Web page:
Wessington Springs murder suspect pleads not guilty, jury trial scheduled
Caffee pleaded not guilty to eight felonies, but did not enter a plea to 17 other charges
WESSINGTON SPRINGS — A Wessington Springs man accused of murdering his wife’s grandmother in an October shooting has pleaded not guilty to eight felony charges.
Mitch Caffee, 38, appeared in a Jerauld County courtroom Thursday morning, entering a not guilty plea to charges including two counts of first-degree murder, two counts of commission of a felony with a firearm, and one count each of first-degree kidnapping, first-degree burglary, aggravated domestic assault and violation of a protection order.
TIMELINE: Mitch Caffee was arrested twice in months before alleged murder
Each first-degree murder charge is a Class A felony — the most severe category — and carries a maximum sentence of the death penalty.
Mitch Caffee, charged with murder in an October shooting that left his wife’s grandmother dead, was returned to the Beadle County Jail after pleading not guilty to 8 felony charges in Wessington Springs this morning. pic.twitter.com/c4zx0mqcC2
Mitch Caffee, charged with murder in an October shooting that left his wife’s grandmother dead, was returned to the Beadle County Jail after pleading not guilty to 8 felony charges in Wessington Springs this morning. pic.twitter.com/c4zx0mqcC2— Hunter Dunteman (@HRDunt) December 9, 2021
Prosecutors indicated that the state has not yet decided whether it intends to pursue the death penalty, but clarified the state will only seek death on one of Caffee’s Class A felonies. If he were to be convicted on both counts, the state will not seek two death sentences.
If the state decides not to pursue the death penalty on either Class A felony, South Dakota law dictates the minimum sentence upon conviction is life in the state penitentiary.
The court has ordered a jury trial to begin on Aug. 4, 2022. Prosecutors have until Feb. 23, 2022, to decide whether they intend to pursue the death penalty.
READ MORE: Wessington Springs murder suspect shot, killed wife’s grandmother during 3 a.m. confrontation, affidavit alleges
An individual can only be sentenced to death after a jury first convicts them of a crime, then holds a second vote on whether to impose capital punishment.
In reading Caffee his rights, a Jerauld County judge informed Caffee that, if convicted on the first-degree murder charge, one juror declining to impose the death penalty would result in an automatic life sentence.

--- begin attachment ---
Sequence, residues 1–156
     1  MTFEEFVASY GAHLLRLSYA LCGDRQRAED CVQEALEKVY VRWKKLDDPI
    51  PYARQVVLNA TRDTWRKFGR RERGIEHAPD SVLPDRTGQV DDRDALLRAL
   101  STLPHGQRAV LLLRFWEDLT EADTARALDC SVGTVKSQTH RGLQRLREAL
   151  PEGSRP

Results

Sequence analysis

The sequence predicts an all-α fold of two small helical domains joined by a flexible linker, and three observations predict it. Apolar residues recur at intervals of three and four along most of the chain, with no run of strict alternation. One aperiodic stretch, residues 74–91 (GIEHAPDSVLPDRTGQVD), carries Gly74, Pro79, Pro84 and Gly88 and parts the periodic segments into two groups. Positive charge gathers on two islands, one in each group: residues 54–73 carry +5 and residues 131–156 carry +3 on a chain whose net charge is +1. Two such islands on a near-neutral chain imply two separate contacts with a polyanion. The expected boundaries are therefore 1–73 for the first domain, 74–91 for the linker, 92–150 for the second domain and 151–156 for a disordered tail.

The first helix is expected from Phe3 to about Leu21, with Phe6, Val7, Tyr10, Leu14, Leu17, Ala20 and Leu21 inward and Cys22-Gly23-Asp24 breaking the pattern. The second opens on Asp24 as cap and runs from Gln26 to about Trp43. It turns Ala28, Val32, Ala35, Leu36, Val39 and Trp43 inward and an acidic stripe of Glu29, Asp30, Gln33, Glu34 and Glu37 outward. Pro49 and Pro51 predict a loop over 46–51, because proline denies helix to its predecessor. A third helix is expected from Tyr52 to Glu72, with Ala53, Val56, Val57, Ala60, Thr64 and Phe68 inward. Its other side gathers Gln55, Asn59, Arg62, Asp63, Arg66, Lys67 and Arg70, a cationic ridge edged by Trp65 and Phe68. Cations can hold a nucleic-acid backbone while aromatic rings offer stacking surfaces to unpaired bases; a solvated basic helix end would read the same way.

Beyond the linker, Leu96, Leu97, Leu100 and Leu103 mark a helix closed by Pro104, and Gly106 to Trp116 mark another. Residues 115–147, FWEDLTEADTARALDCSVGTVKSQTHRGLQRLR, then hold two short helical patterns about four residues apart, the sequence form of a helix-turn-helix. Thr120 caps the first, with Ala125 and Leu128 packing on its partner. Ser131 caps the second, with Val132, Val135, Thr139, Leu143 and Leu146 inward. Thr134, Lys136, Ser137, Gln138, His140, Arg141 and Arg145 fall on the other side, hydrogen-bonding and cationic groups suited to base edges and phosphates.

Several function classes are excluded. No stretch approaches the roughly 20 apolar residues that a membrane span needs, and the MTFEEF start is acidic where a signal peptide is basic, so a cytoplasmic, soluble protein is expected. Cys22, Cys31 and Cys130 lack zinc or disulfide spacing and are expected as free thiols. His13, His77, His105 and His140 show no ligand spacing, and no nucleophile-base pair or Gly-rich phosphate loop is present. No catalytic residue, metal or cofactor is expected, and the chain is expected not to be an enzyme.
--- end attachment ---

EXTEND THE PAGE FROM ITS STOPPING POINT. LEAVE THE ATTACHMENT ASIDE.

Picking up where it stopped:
Caffee did not enter a plea to 17 other charges, including three counts of murder, two counts of manslaughter, five counts of burglary and more — likely indicating an impending plea agreement.
No personal statements were made by Caffee at Thursday’s hearing.
The charges stem from an October shooting in the 400 block of West Main Street in Wessington Springs, where Caffee is accused of breaking down a door at a residence to confront his wife.
Days before the confrontation, Caffee had been arrested for domestic assault — though those charges were later dismissed.
READ MORE: Days before fatal shooting, Wessington Springs murder suspect asked wife where handgun was kept, police say
While at the residence, police say his wife’s grandmother had attempted to access a phone, an action Caffee responded to by allegedly shooting her dead.
Caffee is no stranger to the state’s legal system — in March 2016, he was indicted on 11 counts of rape of a minor and four counts of sexual contact with a child under 16. He was acquitted on all counts in a jury trial seven months later .
In his most recent set of charges, Caffee is represented by Sen. David Wheeler (R-Huron) and Jeffrey Banks, both of Huron to represent him in his murder case proceedings.
Wheeler, a first-term state senator representing parts of Beadle and Kingsbu ry Counties , serves on the South Dakota Senate’s Government Operations and Audit Committee — which is actively investigating accusations of nepotism lodged against Gov. Kristi Noem — and the Adult-Use Marijuana Study Subcommittee. He also runs a private practice law firm based in Huron.
Banks, a former Beadle County deputy state’s attorney and former city attorney for Huron, serves as a partner at Blue, Haeder and Banks Law in Huron. His firm’s website says Banks specializes in estate, business and family law.
Caffee is currently being held in the Beadle County Jail with no possibility of bond. Any future court appearances preceding a jury trial have yet to be scheduled.